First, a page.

It’s funny because this is something I am always talking to people about. There are so many different styles of directors. I always describe myself as an “audience’s director.” Since I really don’t consider myself a director, like I said before, I am a producer at heart, I tend to look at things through the eyes of the audience. After all, it is all about the audience. So if I am directing a show and I see something that as an audience member I would think made no sense or didn’t work, I change it or fix it. That’s why keeping a show moving is so important to me. I never want to audience to get bored or lose interest in what is happening. Granted, it always comes down to the audience and making sure they are happy. But I always have the audience in mind when I am directing. As far as the types of shows I like to direct . . . I can’t honestly say I prefer comedies over dramas or dramas over comedies. I have done more musical comedies over the years but I tend to pick shows to direct that I personally like or have some sort of connection with. Not just one style of show. Because after Jekyll & Hyde, the next show I would like to direct is The Addams Family.

Jekyll & Hyde plays through June 2, 2012, at Way Off Broadway at Willowtree Plaza – 5 Willowdale Drive, in Frederick, Maryland. To make a reservation, call (301) 662-6600.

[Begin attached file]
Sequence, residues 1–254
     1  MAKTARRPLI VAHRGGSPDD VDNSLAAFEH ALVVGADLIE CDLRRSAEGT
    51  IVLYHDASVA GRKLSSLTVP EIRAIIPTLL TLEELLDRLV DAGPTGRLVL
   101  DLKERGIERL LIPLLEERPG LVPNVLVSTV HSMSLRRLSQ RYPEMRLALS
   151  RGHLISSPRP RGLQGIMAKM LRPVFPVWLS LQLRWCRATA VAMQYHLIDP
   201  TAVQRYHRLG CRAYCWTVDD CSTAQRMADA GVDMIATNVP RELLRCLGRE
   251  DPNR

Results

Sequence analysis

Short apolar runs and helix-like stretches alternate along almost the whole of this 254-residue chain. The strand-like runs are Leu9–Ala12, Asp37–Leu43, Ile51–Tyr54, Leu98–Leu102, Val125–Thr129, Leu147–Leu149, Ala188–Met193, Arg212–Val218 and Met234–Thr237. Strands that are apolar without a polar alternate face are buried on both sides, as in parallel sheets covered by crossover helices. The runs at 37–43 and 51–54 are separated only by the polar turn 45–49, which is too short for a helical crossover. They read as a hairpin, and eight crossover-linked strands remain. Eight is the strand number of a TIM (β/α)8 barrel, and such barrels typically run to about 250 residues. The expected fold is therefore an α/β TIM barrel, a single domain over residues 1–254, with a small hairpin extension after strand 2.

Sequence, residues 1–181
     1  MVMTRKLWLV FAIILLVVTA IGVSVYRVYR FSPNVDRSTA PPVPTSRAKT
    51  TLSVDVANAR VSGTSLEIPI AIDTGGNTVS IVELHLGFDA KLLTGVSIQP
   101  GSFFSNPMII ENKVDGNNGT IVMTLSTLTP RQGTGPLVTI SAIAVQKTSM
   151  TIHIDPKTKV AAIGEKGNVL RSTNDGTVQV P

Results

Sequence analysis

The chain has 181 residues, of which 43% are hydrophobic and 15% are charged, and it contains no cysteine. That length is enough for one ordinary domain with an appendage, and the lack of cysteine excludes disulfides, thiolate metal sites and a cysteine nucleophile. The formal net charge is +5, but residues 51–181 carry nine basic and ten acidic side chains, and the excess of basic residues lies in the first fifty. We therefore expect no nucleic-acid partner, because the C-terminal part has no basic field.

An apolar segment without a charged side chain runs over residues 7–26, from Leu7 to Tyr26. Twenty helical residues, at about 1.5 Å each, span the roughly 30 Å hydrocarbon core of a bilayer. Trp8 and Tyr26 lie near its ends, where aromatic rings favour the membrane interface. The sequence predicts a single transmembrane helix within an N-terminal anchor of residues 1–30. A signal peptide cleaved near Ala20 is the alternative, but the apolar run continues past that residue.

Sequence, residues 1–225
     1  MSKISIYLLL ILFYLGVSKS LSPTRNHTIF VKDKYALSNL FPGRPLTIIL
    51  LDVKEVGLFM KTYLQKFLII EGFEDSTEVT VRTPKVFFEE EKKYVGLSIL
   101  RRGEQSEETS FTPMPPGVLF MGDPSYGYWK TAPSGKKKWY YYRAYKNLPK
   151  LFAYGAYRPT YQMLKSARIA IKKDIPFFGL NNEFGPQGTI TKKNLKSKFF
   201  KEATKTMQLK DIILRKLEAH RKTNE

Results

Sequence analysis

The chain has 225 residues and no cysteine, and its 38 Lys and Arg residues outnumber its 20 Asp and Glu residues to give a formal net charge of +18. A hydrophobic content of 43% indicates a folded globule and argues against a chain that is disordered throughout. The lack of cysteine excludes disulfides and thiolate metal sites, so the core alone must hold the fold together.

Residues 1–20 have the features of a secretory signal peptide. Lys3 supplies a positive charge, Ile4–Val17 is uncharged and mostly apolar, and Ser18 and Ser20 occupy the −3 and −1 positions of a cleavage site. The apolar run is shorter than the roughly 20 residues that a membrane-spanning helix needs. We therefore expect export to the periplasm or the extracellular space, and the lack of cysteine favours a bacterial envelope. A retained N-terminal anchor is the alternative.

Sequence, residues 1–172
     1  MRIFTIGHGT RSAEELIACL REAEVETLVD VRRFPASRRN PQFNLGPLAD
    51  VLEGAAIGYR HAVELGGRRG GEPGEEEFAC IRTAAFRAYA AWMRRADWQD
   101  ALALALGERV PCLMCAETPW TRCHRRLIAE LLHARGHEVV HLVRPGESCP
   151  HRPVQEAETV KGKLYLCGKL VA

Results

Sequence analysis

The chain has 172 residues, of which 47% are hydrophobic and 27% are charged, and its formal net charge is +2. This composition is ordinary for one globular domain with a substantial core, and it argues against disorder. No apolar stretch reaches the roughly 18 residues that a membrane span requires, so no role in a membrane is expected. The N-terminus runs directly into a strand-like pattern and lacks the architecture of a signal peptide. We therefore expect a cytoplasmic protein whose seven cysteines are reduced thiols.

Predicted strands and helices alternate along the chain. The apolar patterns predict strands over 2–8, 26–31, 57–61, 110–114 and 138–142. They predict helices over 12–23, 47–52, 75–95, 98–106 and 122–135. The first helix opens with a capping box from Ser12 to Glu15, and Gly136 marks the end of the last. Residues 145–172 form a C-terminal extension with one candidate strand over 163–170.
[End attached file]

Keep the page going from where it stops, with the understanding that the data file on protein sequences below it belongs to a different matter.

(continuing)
The official Jekyll and Hyde website.

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Teresa McCormick Ertel
Teresa McCormick Ertel is a local writer, instructional assistant, and actress as well as board member for the Glyndon Area Players. She has experience both onstage and behind the scenes in productions such as Beauty and the Beast, Godspell, Fiddler on the Roof, Oliver, It’s A Wonderful Life, Wizard of Oz, and Oklahoma! Her favorite role would have to be Fruma Sarah, performed on stilts. She has also worked as an entertainment agent. A former Walt Disney World cast member, Teresa gave tours of the sound stage and production areas, and performed as an entertainer and puppeteer. With a background in English Literature and Education, Teresa enjoys marrying her love of writing and theater and interviewing actors and directors. She is thrilled to be writing her column 'Stage Write' for DCMetroTheaterArts.